Interpersonal Communication Program

This program is more specialised, designed for adults (such as teachers) who mentor teenagers. The program consists of a manual for participants (Team Members) and one for the coordinator, or Team Leader. Full details are on the International website’s Education section.

High Performance Leadership and the “DTM Project”

This section describes the Toastmasters High Performance Leadership (HPL) Programme which offers a unique opportunity to develop leadership skills and learn by doing. Under the Pathways programme, this section describes both the HPL elective project or the final “DTM Project” required to gain the Distinguished Toastmaster (DTM) Award.

Three-part learning process

The Toastmasters proven three-part learning process of study, action and feedback is used in a real-life project of your choice.

The programme involves recruiting a Guidance Committee, studying the learning materials, selecting a project, recruiting a team, working with your team to accomplish the goals, making presentations about the project, and receiving feedback and guidance.

Your Guidance Committee members do not have to all be Toastmasters. However, you will get the best learning if at least one of your Guidance Committee has completed the HPL award themselves.

Your HPL project can be within or outside of Toastmasters, and should be about making a notable contribution to Toastmasters, your organisation, or your community. Not all projects succeed and there is no requirement to do so; the emphasis is on learning about the components of effective leadership and how to build a team that is greater than the sum of its parts.

Successfully gaining HPL recognition is either a requirement or an elective project towards achieving Level 5 of a path in your education programme.

What are some High Performance Leadership Projects Toastmasters have completed?

  • Organised a national Toastmasters event.
  • Set up a recurring storytelling workshop in the community.
  • Chaired a church rummage sale organising committee.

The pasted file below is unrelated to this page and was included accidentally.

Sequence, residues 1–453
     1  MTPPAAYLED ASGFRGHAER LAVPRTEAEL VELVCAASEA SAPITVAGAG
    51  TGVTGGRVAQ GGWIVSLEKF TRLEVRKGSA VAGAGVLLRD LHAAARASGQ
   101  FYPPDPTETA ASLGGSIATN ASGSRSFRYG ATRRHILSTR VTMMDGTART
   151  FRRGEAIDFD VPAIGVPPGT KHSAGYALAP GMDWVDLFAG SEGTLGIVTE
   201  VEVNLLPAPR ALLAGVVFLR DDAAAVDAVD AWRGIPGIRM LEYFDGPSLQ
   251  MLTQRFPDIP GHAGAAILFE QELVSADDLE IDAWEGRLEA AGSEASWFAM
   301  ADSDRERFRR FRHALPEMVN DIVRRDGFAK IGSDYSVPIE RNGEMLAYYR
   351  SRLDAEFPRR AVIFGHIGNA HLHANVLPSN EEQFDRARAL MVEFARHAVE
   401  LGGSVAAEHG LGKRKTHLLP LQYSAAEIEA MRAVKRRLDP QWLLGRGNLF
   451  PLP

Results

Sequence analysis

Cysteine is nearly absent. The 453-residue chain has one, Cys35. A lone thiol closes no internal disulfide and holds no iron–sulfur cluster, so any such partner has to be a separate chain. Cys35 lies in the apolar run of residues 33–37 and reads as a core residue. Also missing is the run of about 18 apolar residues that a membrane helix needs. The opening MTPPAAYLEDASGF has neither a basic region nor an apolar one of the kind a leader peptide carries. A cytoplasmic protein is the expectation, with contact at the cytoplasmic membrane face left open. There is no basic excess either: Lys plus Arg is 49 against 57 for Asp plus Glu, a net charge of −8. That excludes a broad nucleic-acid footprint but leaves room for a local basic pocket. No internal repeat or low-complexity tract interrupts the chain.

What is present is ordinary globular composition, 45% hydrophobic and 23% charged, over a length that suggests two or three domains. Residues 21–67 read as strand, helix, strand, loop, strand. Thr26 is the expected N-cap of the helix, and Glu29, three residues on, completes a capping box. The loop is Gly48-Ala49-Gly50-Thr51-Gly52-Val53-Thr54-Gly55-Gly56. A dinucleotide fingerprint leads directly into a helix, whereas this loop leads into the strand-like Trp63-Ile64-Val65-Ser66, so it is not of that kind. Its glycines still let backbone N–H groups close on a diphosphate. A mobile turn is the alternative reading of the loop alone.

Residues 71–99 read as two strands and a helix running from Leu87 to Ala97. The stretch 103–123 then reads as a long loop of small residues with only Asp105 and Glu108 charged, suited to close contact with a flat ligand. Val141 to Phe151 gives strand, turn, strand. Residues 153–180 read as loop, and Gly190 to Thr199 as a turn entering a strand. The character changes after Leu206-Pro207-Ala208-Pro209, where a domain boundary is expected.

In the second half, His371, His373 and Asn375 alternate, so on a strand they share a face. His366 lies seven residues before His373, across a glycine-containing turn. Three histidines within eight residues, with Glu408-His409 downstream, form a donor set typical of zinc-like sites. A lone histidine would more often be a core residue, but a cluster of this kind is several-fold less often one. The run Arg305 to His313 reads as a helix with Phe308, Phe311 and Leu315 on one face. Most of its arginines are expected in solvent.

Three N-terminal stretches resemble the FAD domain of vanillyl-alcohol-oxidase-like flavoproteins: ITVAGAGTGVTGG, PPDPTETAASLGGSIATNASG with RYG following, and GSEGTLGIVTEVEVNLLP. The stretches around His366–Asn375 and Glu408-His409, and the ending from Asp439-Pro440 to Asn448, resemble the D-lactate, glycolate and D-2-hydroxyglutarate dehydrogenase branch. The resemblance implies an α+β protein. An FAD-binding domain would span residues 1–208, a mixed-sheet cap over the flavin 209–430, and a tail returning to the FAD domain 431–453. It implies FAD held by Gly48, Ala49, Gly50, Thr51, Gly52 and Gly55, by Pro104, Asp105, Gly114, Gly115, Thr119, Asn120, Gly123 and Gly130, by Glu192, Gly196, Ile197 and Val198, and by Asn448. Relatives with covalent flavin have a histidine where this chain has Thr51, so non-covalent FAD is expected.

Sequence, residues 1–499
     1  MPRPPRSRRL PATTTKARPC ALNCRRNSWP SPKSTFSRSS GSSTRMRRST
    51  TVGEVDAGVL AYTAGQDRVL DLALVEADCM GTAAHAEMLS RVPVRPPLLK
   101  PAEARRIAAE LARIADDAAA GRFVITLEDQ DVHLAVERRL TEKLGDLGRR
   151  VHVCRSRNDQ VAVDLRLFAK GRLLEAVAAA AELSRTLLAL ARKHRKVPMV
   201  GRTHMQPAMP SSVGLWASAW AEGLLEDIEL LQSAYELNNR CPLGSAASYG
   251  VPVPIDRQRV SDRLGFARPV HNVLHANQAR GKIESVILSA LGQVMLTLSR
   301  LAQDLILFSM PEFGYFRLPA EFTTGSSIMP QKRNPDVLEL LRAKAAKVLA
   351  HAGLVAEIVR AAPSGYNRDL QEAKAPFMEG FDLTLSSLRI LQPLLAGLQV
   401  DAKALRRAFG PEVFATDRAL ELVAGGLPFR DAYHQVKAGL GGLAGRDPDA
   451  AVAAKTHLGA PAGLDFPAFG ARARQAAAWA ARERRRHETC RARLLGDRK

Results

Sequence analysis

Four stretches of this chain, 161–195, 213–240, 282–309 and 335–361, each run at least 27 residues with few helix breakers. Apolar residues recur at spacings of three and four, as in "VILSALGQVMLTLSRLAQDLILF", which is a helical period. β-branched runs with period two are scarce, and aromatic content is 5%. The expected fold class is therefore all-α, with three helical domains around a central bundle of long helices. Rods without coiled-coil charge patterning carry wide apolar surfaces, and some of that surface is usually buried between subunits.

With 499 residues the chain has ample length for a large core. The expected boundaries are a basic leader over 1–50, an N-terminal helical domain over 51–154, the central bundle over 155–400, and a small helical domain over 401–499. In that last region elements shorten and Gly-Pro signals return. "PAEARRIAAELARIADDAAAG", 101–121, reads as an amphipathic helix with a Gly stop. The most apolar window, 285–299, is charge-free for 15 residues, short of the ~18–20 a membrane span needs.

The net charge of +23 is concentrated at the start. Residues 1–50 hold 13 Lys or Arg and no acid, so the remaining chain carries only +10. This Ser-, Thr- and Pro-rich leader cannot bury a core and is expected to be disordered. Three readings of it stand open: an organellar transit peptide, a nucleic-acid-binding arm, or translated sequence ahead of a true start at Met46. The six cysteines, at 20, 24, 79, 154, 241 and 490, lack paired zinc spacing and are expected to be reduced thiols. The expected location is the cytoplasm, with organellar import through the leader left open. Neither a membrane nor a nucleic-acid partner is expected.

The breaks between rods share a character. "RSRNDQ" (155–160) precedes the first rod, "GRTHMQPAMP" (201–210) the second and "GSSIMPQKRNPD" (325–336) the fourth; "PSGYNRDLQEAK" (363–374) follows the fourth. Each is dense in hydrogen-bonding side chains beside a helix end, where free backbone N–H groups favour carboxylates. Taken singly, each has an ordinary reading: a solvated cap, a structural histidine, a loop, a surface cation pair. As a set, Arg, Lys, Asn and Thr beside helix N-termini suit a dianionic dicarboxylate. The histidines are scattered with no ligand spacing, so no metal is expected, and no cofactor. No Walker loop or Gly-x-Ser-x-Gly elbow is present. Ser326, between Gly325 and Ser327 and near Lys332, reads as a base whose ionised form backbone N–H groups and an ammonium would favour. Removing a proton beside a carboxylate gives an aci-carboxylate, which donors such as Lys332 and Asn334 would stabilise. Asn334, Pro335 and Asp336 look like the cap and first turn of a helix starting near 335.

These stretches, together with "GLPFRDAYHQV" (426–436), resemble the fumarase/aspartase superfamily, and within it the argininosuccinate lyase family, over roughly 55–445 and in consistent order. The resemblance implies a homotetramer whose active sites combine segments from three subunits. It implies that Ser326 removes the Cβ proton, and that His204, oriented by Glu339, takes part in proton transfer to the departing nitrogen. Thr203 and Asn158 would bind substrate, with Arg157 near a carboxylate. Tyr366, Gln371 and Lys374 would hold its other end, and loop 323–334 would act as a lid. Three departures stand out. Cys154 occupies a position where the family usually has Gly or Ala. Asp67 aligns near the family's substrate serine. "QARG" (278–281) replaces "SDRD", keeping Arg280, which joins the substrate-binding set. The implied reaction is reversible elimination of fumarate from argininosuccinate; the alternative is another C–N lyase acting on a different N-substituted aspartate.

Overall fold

• Promoted Toastmasters in a local area through a variety of PR initiatives.
  • Developed a District Operations Manual.
  • Initiated one or several new Toastmaster Clubs.
  • Organised the development of a local skateboard park.
  • Organised several rounds of Club Leadership Training.
  • Organised a Club “Evaluation Boot Camp” event.
  • Set up a Civil Defence Readiness Unit.
  • Organised a university class reunion.

Links to More Resources

The best resource is to speak to a current Distinguished Toastmaster, to find out about the project they completed.  They may have some tips and ideas for you to consider.

While High Performance Leadership is covered well under Pathways, you may find the discussion on Service Leadership from the manual issued in the traditional programme useful. One of the key stages of an HPL is to form statements of vision and mission, and be able to distinguish between them; the discussion covers this well.


This section covers the mentoring process by highlighting when mentors are most useful, and what you can learn as a mentor.

When Is A Mentor Needed? 

The short answer is “any time you get stuck”. In fact, a mentor is useful at any time the protégé needs to step up a level. This can be: 

  • When you first join and need to know the basics
  • When you get to the point with Pathways when its no longer a simple 5 to 7 minute speech
  • When you are looking to add new skills
  • When you need help with a project, for instance forming a vision for its outcome

The key point is that the mentor needs different skills at each level as well – so you will have more than one mentor over time.

Traditionally, a mentor is regarded (for the purpose of receiving credit) as active for the first few speeches. However mentors can be used at any time by any Toastmaster when the need arises.  For example, the role of Immediate Past President is to provide help and guidance to the new Club President and committee during their term. The key learning is that the mentoring relationship changes with time, but it is always there when needed – and that it is never wrong to seek mentors. There is no situation that cannot be talked out given the right person to talk to – and that is the role of the mentor.

Mentoring for Success

In Greek legend, Mentor was Odysseus’ trusted councillor. Young King Arthur had Merlin the Magician as his mentor. Generically the word means ‘a wise and loyal adviser’.

Through time, mentors have been an important resource allowing apprentices and new employees to learn from their experienced co-workers. Unfortunately, many people in today’s workforce have not had the benefit of a mentor. Those who have find the relationship to be rewarding and an invaluable resource.

While technology has placed plenty of tools at our disposal, such as illustrated manuals and comprehensive videos, nothing replaces one of the oldest, most valuable tools of success – the mentor. Some call a mentor “A person you trust to give you a straight answer”. You will not get that trust from a video.